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selcting a specific file

by Anonymous Monk
on Oct 22, 2007 at 20:31 UTC ( #646569=perlquestion: print w/ replies, xml ) Need Help??
Anonymous Monk has asked for the wisdom of the Perl Monks concerning the following question:

hi monks, i wanted to select only the each and every non empty file i had script like this
foreach $f (@files){ ..... readfile...given path writefile.... some otherpath }
how can i select each non empty files?? and transfer them out i follwed by !-z option but it doesnt work out

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Re: selcting a specific file
by toolic (Chancellor) on Oct 22, 2007 at 20:45 UTC
    The -z filetest works for me on *nix:
    use warnings; use strict; my @files = <*.txt>; for (@files) { if (-z $_) { print "File $_ is empty\n"; } else { print "File $_ is not empty\n"; } }
    I have 3 files in my current directory. Only the file named "a.txt" is empty. When I run the program above, I get this output:
    File a.txt is empty File b.txt is not empty File c.txt is not empty
Re: selcting a specific file
by moritz (Cardinal) on Oct 22, 2007 at 20:46 UTC
    my @nonempty_files = grep { ! -z $_ } @files;
      this is the original code
      @files = grep { /\.log$/ } readdir ($DIR); foreach my $x (@files){ open READFILE, "......"; open WRITEFILE, ">......"; while(<READFILE>){ chomp; my @parts = split(/\s/, $_); print WRITEFILE $parts[1], " ", $parts[0], "\n"; } close WRITEFILE; close READFILE;

        Your code won't compile. That's not very dire. Just stay comitted to it ;-)

        use strict; use warnings; my $path = '/tmp/allfiles'; my $outpath = '/tmp/nonemptyfiles'; opendir my $dh, $path or die $!; my @files = grep /\.log$/ && -f "$path/$_" && !-z "$path/$_", readdir +$dh; closedir $dh; for my $fn (@files){ open my $fr, '<', "$path/$fn" or die "IN: $fn $!"; open my $fw, '>', "$outpath/$fn" or die "OUT: $fn $!";; while( <$fr> ) { printf $fw "$1 $2\n" if /(\S+)\s+(\S+)/ } }

        Try to study the example and bear some idomatic expressions in mind like indirect file handles and checks for success ...

        Regards

        mwa

      this:

      my @nonempty_files = grep { ! -z $_ } @files;

      looks not very trustworthy ;-). This might be wrong. Compare some test schenarios with this approach:

      ... my @nonempty_files = grep -e && !-z, @files; ...

      (especially for non-accessible and non-existent files.)

      Regards

      mwa

      @files = grep { /\.c$/ } readdir ($DIR);
      opening a dir a selcting .c files !! how to use this !-z!!!
Re: selcting a specific file
by andyford (Curate) on Oct 22, 2007 at 20:50 UTC

    For us to help you most effectively, you should post your actual code. We don't know what "it doesn't work out" means. Perhaps your file is not zero bytes but contains some whitespace or something?

    non-Perl: Andy Ford

      @files = grep { /\.log$/ } readdir ($DIR); foreach my $x (@files){ open READFILE, "......"; open WRITEFILE, ">......"; while(<READFILE>){ chomp; my @parts = split(/\s/, $_); print WRITEFILE $parts[1], " ", $parts[0], "\n"; } close WRITEFILE; close READFILE;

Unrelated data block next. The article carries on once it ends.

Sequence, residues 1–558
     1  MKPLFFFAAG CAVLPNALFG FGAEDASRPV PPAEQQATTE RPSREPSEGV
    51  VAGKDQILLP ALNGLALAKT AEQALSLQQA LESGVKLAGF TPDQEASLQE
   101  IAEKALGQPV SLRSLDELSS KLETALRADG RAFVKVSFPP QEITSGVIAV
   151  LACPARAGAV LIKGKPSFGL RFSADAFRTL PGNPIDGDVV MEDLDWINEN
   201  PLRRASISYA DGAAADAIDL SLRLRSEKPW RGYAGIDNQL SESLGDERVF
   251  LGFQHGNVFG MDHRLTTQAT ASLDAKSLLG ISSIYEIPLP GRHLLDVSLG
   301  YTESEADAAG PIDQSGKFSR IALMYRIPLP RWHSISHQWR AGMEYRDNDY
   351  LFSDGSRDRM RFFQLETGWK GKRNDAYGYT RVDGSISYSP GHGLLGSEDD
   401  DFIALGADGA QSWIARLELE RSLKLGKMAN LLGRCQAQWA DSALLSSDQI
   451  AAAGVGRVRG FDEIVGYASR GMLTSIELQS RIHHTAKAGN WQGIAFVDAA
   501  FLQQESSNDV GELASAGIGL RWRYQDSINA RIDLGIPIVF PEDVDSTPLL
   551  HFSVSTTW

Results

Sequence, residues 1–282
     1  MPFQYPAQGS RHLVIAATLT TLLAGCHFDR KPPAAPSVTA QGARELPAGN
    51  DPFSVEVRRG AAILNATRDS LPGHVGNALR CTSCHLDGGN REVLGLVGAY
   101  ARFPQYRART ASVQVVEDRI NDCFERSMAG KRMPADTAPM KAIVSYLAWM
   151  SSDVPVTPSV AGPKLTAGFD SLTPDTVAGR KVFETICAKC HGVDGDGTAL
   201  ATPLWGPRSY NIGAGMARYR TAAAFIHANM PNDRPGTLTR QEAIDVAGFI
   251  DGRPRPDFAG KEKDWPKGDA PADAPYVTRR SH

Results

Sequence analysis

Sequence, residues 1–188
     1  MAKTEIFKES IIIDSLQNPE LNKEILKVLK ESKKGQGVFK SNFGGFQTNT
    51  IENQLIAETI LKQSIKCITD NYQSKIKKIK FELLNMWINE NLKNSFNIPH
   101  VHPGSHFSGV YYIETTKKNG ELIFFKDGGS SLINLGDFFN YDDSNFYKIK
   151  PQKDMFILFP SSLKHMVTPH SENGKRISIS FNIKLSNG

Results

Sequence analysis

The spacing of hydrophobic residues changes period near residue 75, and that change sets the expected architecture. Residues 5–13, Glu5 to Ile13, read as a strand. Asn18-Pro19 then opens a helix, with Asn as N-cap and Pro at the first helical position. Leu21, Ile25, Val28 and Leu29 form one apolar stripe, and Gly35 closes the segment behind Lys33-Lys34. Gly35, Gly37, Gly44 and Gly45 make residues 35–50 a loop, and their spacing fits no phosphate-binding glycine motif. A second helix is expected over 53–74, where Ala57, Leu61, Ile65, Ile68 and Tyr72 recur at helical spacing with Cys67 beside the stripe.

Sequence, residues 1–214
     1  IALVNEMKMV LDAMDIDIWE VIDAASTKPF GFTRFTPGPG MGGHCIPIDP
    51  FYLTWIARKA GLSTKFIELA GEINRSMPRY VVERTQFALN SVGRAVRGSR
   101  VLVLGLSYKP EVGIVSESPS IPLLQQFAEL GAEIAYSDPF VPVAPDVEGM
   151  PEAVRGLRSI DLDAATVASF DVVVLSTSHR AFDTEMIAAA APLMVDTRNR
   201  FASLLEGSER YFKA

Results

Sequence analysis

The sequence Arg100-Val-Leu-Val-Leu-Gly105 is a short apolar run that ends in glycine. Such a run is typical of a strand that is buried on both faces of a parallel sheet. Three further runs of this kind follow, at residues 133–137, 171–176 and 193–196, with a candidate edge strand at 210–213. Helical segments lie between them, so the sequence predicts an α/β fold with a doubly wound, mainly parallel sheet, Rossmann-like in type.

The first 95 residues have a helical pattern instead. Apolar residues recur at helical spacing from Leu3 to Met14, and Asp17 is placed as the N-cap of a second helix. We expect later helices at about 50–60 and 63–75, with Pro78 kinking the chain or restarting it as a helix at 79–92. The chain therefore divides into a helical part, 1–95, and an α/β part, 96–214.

this is the original code
      the file doesn't have any content

        That's my point. -z is looking for a zero byte file, but 'no content' could be a bunch of tabs and spaces.

        [forda@hqnagtl1 ~]$ touch emptytest1 [forda@hqnagtl1 ~]$ touch emptytest2 [forda@hqnagtl1 ~]$ ls -l emptytest* -rw-rw-r-- 1 forda forda 0 Oct 22 17:19 emptytest1 -rw-rw-r-- 1 forda forda 0 Oct 22 17:19 emptytest2 [forda@hqnagtl1 ~]$ echo ' ' >> emptytest2 [forda@hqnagtl1 ~]$ ls -l emptytest* -rw-rw-r-- 1 forda forda 0 Oct 22 17:19 emptytest1 -rw-rw-r-- 1 forda forda 15 Oct 22 17:20 emptytest2
        I put some spaces into a formerly empty file and now it has a size of 15.

        non-Perl: Andy Ford

Re: selcting a specific file
by mwah (Hermit) on Oct 22, 2007 at 21:16 UTC
    how can i select each non empty files?? and transfer them out i follwed by !-z option but it doesnt work out

    Your question is hard to follow but I'll try on it.

    From guessing on your riddle, I'd think you should use the File:Copy module like here:

    use strict; use warnings; use File::Copy; my @files = qw(Ardbeg.txt Bowmore.txt Bruichladdich.txt Bunnahabhain.t +xt Caol_Ila.txt Kilchoman.txt Lagavulin.txt Laphroaig.txt Port_Charlotte.txt); my $given_path = '/tmp/allfiles'; my $some_otherpath = '/tmp/nonemptyfiles'; for my $f (@files) { if( -f "$given_path/$f" && ! -z "$given_path/$f" ) { copy( "$given_path/$f", "$some_otherpath/$f" ) } }

    BTW: you should watch out for the path separators on your system. On Mac, its the : (column) and not the / (slash) as in Unix/Linux and probably Win32 (maybe you need even the \\ (backslash) for the latter, but I can't really believe this ;-).

    Regards

    mwa

Re: selcting a specific file
by swampyankee (Parson) on Oct 23, 2007 at 02:58 UTC

    My experience is that all the -X file operators work on Windows and FreeBSD. You could try

    @files = grep { -s and -f} @files;
    I would make sure that it's actually a file; directories on *ix-ish systems have non-zero size. It would probably also make sense to check to see if you have the required permissions for copying the file into another location, e.g. on *ix, you need write access in the target directory.

    Copying files can be done with File::Copy or system,


    ...kudos to blazar for his observation about _ and the -X operators.


    emc

    Information about American English usage here and here.

    Any Northeastern US area jobs? I'm currently unemployed.

      @files = grep { -s and -f} @files;

      I personally believe that this is fine, but to avoid a double stat one would better

      @files = grep { -s and -f _} @files;

      Of course it would be nice to also have chained -X's, and IIRC 5.10 has them.

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